Wind Mobile marks first anniversary

Decembers are chilly in Canada, but for Anthony Lacavera a year ago in Toronto it was decidedly hot.

It was Dec. 16, 2009 and despite a brisk breeze whipping off Lake Ontario, the chairman of wireless startup Wind Mobile was beaming as he stood outside the company’s first store in front of a sizeable crowd and TV cameras. He then pulled a cloth to unveil a plastic statue of a man holding a mobile handset and gazing to the future.

A bit hokey, but it signaled the start of a new era of wireless competition – the first facilities-based carrier in the country since Rogers Communications Inc. took over competitor Microcell Telecommunications and its Fido brand in 2004

A year later Lacavera is sitting in another of Wind’s Toronto stores, a small replica of that statue peering over his shoulder, as he chats to a reporter about what Wind has accomplished.

“Getting Wind out the gate in the five markets we have launched is obviously amazing and bringing the first real competition in those markets in over a decade has been great,” he says.

“We still have a long way to go, we still have a lot of work to do but we’ve made a lot of progress.”

That includes starting service in Toronto, Ottawa, Vancouver, Calgary and Edmonton, hiring 1,100 staffers and establishing over 400 sales outlets.

Lacavera wouldn’t give subscriber numbers, but a quarterly financial report from Wind’s partner and financier, Egyptian-based Orascom Telecom Holding, said the Canadian unit had 140,000 subscribers at the end of September.

The past 12 months also saw three more new carriers launch: Toronto-based Mobilicity and Public Mobile in May, and Quebec-based cable operator Videotron Ltee in September.

Earlier this year SeaBoard Group predicted that by Sept. 1, Mobilicity would have had 36,000 subscribers and Public Mobile 24,000. Since then Mobilicity has started service in Ottawa, Vancouver and Edmonton, while Public Mobile has been expanding in Toronto and Montreal. Videotron says it signed over 21,000 subscribers to its new network in the first three weeks of its service, although that includes 11,000 who transfered from its legacy wireless network.
[After this story was released Mobilicity announced it had signed 50,000 subscribers since the begining of October. It didn’t reveal how many total subscribers it has.]

“The word ‘unlimited’ is now in everyone’s vocabulary,” said Iain Grant, managing director of SeaBoard Group, a Montreal-based telecommunications consultancy. “The words ‘system access fee’ seem to be disappearing. The four [startups] are making a difference.”

Dvai Ghose, a telecom and cable financial analyst at Canaccord Genuity, notes the big three incumbent carriers, Rogers, BCE Inc.’s Bell Canada and Telus Corp., have “fundamentally changed their rate plans.” In past wireless data was “expensive, complicated, difficult to discern,” he said. Less so now.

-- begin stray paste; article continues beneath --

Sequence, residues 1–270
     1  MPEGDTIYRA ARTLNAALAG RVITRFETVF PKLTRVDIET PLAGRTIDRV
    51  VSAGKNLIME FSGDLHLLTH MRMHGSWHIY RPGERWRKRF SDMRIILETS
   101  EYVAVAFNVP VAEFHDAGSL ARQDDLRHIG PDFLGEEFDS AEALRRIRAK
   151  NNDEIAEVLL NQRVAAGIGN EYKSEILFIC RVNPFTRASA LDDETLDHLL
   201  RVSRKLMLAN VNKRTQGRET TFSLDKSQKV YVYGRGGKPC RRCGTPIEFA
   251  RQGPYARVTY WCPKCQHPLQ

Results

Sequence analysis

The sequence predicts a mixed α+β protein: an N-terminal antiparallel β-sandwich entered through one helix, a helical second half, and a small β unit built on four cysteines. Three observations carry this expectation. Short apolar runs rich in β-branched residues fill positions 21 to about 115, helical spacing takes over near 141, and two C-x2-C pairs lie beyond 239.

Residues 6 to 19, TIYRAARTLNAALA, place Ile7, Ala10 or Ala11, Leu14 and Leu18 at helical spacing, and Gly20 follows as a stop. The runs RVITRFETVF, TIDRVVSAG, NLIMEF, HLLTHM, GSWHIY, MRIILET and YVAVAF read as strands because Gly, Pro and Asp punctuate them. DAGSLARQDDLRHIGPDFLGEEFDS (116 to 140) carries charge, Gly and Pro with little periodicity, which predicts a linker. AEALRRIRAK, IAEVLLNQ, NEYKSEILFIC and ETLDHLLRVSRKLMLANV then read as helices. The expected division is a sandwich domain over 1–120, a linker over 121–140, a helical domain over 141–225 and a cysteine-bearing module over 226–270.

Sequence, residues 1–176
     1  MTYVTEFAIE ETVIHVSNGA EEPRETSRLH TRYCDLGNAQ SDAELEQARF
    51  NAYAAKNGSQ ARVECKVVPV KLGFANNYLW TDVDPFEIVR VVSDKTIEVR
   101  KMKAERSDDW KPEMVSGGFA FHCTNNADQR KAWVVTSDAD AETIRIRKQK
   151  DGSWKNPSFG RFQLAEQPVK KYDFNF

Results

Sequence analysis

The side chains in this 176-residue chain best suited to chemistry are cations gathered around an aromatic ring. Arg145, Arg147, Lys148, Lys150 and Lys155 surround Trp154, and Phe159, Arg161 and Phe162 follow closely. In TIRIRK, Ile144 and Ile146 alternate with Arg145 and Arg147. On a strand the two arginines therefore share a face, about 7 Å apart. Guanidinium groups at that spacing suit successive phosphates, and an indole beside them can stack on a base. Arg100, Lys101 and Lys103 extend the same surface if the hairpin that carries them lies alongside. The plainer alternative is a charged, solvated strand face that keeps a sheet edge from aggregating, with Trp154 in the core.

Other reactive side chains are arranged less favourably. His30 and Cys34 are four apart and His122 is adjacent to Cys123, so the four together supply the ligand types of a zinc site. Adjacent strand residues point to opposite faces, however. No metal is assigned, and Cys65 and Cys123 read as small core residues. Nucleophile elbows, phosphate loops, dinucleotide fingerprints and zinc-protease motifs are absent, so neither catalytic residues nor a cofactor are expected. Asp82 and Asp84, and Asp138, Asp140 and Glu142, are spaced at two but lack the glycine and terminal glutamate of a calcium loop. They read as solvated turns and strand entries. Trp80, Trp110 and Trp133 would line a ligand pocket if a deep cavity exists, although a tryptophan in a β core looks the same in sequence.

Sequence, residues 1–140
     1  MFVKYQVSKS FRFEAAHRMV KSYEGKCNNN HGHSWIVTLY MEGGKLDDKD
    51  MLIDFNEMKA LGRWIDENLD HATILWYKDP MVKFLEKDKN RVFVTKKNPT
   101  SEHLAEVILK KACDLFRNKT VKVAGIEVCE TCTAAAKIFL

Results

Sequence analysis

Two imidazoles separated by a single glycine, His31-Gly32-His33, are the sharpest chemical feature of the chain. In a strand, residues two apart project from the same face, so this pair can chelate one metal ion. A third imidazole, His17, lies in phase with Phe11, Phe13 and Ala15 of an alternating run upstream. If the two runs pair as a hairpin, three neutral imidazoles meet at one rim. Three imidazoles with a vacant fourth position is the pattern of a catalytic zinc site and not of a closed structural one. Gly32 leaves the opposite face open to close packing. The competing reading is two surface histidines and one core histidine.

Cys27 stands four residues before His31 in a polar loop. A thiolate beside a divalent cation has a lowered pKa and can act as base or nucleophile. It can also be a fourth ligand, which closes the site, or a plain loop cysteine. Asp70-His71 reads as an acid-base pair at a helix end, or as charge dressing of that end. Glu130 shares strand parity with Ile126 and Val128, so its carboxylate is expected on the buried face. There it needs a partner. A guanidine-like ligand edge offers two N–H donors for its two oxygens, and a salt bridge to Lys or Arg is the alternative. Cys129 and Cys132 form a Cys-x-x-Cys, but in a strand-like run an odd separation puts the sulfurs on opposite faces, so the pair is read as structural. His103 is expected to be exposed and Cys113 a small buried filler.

Meanwhile, Bell torqued its Solo entry brand to meet the newcomers and Rogers started a new flanker brand, Chatr. For its part, Telus has just announced it make it easier for contract holders to upgrade to a new handset before their term runs out.

Defending their turf also led the leading carriers to spirited marketing, which temporarily landed Rogers in the Competition Bureau’s doghouse.

Competition has also brought new business to wireless equipment makers: China’s ZTE Corp. found its first North American customer in Public Mobile; another Chinese manufacturer, Huawei Technologies Co., became a co-supplier to Telus Corp.’s new HSPA data network, Ericsson Canada equips and manages Mobilicity’s network; and after co-building the new HSPA networks of BCE Inc’s Bell Mobility and Telus, Nokia Siemens Networks, won the right to be Wind’s network equipment supplier to Wind.

Unexpectedly, after a confrontation with the Canadian Radio-television and Telecommunications Commission (CRTC) Wind’s entry has also forced Ottawa to consider overhauling the foreign investment restrictions in the Telecommunications Act.

The CRTC said Orascom had controlling influence over the startup, prompting some furious lobbying by Lacavera before the cabinet over-ruled the commission. That led the Harper government to propose three options for changing the act. It has put off a decision until the spring.

While Wind has arguably garnered the most publicity of the new wireless companies, its start was not problem-free. There were complaints in the early months about the network’s reliability, leading Grant to speculate the cause was a rush to turn the network on after the cabinet’s green light before another government body changed its mind.

Lacavera complains his roaming partners are dropping Wind subscriber calls when users cross into their territory, forcing them to dial in again. [Mobilicity agrees this happens, but doesn’t mind, saying this protects its subscribers from unwanted roaming fees.]

Within days of the launch Lacavera also had to say goodbye to two senior officials, saying they weren’t a perfect fit.

The next year is sure to bring more upheaval in the wireless industry.